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To End Syrian War, Don’t Rely on Russia

It is a sign of how truly desperate the administration that it seems be expecting Russia to solve the Syria crisis. This approach is being endorsed even by those, like the veteran diplomat Zalmay Khalilzad, who should know better on the grounds that there is no other real alternative.

If so, then there is no way out of this morass, period. Because Russia has no interest or desire to help save Syria or America’s allies in the region from the consequences of a catastrophic civil war. Russia is happy to stand on the sidelines and benefit from arms sales to the embattled Assad regime–possibly even the dispatch of sophisticated air-defense systems (although Moscow is unscrupulous enough to pocket Syria’s payments without actually delivering the missiles in question). 

Any expectation that Vladimir Putin will come to the rescue–even to cooperate in some kind of far-fetched international scheme to disarm the Assad regime, as suggested by Khalilzad–will be doomed to disappoint. The only outside intervention that is likely to end the killing is the kind that helps the rebels to prevail faster–although admittedly the growing ascendance of radicals in the ranks of the anti-Assad (at least partially as a result of Western lack of support for the moderates) forces makes the prospect of a rebel victory a mixed blessing.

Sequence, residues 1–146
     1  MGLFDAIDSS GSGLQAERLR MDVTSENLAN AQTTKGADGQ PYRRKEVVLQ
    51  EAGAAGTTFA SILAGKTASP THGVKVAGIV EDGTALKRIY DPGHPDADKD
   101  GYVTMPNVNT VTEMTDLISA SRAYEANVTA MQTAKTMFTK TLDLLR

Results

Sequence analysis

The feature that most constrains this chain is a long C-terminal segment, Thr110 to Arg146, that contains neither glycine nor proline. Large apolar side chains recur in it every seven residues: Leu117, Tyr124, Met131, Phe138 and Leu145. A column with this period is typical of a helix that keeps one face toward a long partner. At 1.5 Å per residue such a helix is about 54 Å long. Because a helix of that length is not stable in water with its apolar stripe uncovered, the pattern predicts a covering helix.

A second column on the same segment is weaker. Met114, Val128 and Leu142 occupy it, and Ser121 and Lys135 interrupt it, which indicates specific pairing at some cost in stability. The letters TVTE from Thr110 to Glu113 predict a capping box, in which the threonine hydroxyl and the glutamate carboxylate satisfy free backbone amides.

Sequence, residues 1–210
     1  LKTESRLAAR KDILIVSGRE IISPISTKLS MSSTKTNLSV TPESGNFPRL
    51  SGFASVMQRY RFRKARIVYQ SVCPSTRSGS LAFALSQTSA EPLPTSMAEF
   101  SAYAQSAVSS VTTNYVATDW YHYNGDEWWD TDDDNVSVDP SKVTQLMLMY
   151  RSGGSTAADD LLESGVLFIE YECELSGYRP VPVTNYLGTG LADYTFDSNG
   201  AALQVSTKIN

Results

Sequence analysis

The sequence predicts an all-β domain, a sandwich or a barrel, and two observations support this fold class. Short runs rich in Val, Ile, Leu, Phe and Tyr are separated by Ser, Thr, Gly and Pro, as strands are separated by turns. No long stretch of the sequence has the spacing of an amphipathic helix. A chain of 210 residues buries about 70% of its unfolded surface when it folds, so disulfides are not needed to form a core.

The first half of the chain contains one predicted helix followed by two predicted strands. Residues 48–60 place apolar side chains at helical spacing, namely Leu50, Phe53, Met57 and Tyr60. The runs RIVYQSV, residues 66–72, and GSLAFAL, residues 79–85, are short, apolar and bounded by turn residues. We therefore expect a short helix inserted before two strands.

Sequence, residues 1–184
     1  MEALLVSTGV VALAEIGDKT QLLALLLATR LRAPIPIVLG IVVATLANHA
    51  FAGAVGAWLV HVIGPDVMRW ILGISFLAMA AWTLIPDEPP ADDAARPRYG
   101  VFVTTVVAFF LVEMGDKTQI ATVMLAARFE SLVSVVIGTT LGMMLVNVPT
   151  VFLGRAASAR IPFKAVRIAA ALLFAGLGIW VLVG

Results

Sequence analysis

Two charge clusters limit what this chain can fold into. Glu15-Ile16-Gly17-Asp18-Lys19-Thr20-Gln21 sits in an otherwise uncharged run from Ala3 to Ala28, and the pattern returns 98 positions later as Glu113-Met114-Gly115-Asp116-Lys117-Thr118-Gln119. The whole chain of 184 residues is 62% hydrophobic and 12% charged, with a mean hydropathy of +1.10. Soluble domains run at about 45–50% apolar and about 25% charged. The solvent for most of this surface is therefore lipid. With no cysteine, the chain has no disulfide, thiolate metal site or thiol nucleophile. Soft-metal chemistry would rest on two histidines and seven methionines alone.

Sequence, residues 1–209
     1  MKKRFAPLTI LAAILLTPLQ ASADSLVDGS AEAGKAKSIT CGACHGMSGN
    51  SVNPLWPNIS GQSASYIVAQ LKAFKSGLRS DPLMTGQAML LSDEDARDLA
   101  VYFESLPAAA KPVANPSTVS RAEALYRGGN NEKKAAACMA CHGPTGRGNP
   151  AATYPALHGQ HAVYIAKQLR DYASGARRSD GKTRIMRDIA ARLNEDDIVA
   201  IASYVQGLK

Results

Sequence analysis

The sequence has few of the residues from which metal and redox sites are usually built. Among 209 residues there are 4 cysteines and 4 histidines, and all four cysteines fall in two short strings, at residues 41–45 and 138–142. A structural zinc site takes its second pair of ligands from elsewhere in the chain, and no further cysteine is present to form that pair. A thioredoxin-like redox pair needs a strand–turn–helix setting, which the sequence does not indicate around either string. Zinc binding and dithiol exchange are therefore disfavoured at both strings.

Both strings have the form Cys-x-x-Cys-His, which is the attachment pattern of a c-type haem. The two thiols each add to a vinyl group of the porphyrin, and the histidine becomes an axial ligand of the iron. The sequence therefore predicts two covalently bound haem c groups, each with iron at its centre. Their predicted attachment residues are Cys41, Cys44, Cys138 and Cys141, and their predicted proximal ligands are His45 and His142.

We are, in short, in quite a pickle because of the Obama administration’s Iraq Syndrome, which has precluded effective (and low-cost) Western intervention in Syria. That has heightened the influence of the Qataris, among others, who have been arming Muslim extremists, even while Hezbollah and Iran increase their support for the embattled regime in Damascus. The administration may not have any attractive options at this point, but it needs to pick one of them anyway, instead of imagining some magical outside intervention from Moscow will come to the rescue.


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